Looking at a poster of Frank Leslie’s Gazette of Fashion and Fine Needlework from the 1850s is similar to stepping through the looking-glass of women’s fashion magazines. On such a poster one finds the latest hair styles and the most fashionable dresses, jackets, and hats. One hundred and forty years later, if one was to walk past a magazine rack the content would be more or less the same.
As a teenage girl growing up in the twenty-first century, I can recall numerous times I would ask my mom to buy the latest copy of Seventeen or Cosmopolitan. I could not wait to bend the binding and discover new things about femininity: new make-up tricks, new ways to style my hair, tips on how to socialize. My mind would reel at the thought of trying out what I learned as soon as I could; magazines helped me in discovering who I wanted to be. They answered questions I did not dare to voice out loud. If the magazines of today could have such an impact on my life, what sort of effect did magazines of the nineteenth century have on its readers?
As it turns out, The Boston Globe asked the same question back in August of 1877 when they published an article titled “Influence of Magazines.” The consensus of the time was that while magazines did “put your own thoughts into vigorous English” they also created “few writers [that] gleam with bright intelligence” (“Influence of Magazines” 1). In other words, magazines did not produce great works of literary merit; they were soft, light, entertaining, and perhaps detrimental to our intellectual growth.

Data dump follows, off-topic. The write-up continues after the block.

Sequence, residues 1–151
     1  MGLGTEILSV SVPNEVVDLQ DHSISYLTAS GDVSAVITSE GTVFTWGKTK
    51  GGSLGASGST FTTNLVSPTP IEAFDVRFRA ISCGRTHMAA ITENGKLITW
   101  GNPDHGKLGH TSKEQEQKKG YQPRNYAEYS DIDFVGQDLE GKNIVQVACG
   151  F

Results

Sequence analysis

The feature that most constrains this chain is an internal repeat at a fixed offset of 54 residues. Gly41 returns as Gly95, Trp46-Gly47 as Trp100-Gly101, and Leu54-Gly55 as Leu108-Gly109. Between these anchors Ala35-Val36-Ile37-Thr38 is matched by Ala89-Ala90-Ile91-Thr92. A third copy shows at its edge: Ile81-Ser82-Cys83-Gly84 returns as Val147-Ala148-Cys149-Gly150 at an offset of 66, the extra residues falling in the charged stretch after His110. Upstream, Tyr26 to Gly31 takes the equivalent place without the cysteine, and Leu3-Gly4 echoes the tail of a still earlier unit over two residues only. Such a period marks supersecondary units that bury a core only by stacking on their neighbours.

Looking closer, perhaps these “superficial” magazines hold more merit than given credit. They may not produce epic, legendary documents of the written word but they do capture, in less than one hundred pages, a snapshot of the social order of the time period. Women’s magazines cater to the topics that are most on the minds of their readers. O Magazine is geared towards women that average 47-years-old and promotes a “core mix of advice, spirituality, beauty, fashion, health, lifestyle, and fitness” (“O Positive”). With over two million subscribers, it would seem these topics are at the forefront of the minds of women in today’s world.